The “conversation” went exactly how you would think it might. It wasn’t much of a conversation. “You smell like smoke.” “Don’t smoke, it’s bad for you.” “I don’t want you to get cancer and die.” “If I catch you smelling like smoke again, you’re going to be in big trouble. No more going out, no more driving, no more talking on the phone.” Ugh, she just didn’t get it. I knew all of those things. Obviously I knew smoking was bad for me! I didn’t want to get cancer! I little voice screamed at me every time I lit up and said, What are you doing? You’re going to die an early, horrible death if you smoke that.
That would have been a completely different conversation between the two of us, especially if she had been able to approach it from a place of calm, of curiosity.
I smoked in high school because it made me feel connected to people. I felt like a total loser in high school. I lived with my grandparents. I struggled with depression. I felt really lonely and left out of a lot of things. Smoking gave me a rush and made me feel more outgoing in social situations. It was a conversation starter. It even made me feel more edgy and cooler than I actually was. What if my grandma had asked me WHY I was smoking? What was going on in my life that was leading me down a path to do destructive things? That would have been a completely different conversation between the two of us, especially if she had been able to approach it from a place of calm, of curiosity.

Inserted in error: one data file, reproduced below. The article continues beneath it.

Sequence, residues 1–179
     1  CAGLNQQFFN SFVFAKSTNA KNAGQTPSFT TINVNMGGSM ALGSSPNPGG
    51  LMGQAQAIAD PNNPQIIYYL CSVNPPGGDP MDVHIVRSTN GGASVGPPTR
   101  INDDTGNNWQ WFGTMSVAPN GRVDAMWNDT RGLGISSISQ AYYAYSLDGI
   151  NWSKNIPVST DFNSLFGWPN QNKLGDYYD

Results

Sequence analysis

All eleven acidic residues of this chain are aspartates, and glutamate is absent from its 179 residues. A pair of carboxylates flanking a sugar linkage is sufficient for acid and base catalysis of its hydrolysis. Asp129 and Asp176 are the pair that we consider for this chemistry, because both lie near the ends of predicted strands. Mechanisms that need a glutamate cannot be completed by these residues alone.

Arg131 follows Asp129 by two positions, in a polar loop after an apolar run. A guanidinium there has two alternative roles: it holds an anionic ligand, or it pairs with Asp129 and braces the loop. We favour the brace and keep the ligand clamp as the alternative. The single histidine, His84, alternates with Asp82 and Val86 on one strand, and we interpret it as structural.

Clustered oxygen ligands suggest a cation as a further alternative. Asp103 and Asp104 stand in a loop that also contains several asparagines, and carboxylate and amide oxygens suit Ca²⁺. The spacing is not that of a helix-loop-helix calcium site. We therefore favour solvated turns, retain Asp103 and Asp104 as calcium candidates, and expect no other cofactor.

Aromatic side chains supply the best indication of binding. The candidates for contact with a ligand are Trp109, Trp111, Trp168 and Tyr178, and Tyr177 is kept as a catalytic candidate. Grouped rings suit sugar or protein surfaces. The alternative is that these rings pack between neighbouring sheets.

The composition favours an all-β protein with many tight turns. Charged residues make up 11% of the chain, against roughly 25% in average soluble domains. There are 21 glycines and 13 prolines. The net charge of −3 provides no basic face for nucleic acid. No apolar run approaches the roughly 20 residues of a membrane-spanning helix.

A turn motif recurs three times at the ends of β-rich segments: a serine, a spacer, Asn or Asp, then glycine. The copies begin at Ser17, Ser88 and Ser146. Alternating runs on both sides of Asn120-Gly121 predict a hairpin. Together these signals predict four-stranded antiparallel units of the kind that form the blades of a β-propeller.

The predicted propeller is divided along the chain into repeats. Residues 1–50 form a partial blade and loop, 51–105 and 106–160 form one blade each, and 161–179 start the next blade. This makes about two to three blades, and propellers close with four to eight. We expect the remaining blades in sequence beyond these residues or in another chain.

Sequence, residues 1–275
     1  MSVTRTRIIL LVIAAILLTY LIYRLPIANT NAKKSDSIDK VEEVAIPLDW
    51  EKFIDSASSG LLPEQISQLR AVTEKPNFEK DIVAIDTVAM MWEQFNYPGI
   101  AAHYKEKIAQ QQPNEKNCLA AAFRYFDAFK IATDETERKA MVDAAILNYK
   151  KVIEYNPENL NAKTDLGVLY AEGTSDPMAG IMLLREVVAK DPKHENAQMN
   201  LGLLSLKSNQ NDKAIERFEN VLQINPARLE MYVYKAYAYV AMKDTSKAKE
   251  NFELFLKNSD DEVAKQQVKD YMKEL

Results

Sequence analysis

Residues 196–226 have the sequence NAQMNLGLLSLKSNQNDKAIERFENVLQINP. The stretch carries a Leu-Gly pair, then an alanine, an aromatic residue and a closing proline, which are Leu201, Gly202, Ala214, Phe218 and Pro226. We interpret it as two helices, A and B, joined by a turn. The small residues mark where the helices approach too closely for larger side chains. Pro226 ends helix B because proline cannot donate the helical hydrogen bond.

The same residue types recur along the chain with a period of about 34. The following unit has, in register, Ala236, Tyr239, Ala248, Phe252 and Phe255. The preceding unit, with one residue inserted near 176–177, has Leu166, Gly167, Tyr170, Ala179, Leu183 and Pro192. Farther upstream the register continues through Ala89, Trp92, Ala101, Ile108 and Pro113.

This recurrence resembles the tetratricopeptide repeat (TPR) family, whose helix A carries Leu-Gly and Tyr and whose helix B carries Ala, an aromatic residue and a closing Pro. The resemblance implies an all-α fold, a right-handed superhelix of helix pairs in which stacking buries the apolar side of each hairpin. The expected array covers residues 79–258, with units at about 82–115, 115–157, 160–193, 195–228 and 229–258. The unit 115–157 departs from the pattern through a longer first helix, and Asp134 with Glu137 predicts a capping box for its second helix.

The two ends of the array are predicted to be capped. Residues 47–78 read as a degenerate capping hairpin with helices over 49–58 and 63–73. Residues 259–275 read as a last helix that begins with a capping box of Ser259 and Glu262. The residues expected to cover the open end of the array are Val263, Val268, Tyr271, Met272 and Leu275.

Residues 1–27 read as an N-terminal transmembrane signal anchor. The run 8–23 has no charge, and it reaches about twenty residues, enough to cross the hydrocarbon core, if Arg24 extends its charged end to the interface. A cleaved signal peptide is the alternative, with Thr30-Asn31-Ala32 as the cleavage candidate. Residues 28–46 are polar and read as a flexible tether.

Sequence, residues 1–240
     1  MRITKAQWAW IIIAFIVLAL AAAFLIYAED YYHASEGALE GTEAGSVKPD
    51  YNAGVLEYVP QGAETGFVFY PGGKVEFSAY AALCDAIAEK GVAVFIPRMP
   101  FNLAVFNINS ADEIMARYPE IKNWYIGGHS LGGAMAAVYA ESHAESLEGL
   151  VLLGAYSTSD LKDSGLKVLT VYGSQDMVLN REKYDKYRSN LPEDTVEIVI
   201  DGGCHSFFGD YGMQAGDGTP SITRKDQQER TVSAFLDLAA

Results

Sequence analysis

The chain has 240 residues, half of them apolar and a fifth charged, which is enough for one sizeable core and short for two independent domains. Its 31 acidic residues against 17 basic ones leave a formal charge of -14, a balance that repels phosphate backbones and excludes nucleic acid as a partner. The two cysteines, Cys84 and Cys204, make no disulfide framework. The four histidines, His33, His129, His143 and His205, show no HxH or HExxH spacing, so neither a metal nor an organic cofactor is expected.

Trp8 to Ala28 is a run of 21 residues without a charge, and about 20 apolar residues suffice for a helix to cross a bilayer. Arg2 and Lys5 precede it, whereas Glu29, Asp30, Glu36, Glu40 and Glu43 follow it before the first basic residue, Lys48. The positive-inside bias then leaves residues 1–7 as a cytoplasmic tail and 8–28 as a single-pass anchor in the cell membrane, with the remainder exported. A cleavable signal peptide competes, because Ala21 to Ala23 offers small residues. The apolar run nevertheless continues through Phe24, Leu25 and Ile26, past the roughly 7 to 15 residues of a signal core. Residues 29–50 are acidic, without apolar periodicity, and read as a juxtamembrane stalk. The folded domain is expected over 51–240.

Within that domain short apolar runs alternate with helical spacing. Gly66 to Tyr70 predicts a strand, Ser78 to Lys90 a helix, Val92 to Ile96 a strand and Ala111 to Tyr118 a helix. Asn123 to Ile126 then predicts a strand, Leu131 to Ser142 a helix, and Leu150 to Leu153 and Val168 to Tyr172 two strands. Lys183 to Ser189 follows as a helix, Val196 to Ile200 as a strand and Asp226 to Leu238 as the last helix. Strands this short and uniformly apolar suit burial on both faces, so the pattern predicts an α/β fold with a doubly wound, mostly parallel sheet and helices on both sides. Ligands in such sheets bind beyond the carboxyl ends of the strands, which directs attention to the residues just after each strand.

What this means for me as a parent
I’m reflecting on my adolescence as I fold laundry for my daughter. She turns five next month. Though she’s far away from the stresses of high school, I’m certainly aware of what the future might hold for her. I smell the soft scent of dryer sheets and think to myself that I would have literally no clue if she came home from an evening of vaping. The odorless clouds are scentless, making it almost undetectable, meaning that if vaping is still a thing when she’s in high school we’re going to have to have a proactive discussion about the dangers of inhaling nicotine into your lungs before I even know she’s interested in or has picked up the habit.
So, what’s a parent to do these days? Yell, scream, get worked up? That worked great for all of us, right? I’d like to approach the situation differently when the time comes and am grateful that there are resources already available to help me approach this hard topic when the time is right.
Talk Vaping With Your Teen
My colleagues at Hopelab, All Mental Health, and the American Heart Association recently released Talk Vaping With Your Teen, resources that help parents have conversations about ending teen e-cigarette use. These research-backed tools help parents navigate the often difficult conversations that surround the teen vaping epidemic. The resources provide a framework for parents to have a calm, respectful conversation with their teen while providing accurate and straightforward information to help their teen quit. The resources are free and available in two formats: a one-month emailed course and a web app.
If you’re dealing with this as a parent right now, I encourage you to check out this amazing guide. And if you know someone who might be struggling with how to talk to their teen about vaping, please check it out and send it their way. https://www.allmentalhealth.org/vaping
Together we can all learn how to communicate effectively with our teens about vaping and create a generation that knows the facts, feels supported, and will ultimately be healthier because of these efforts.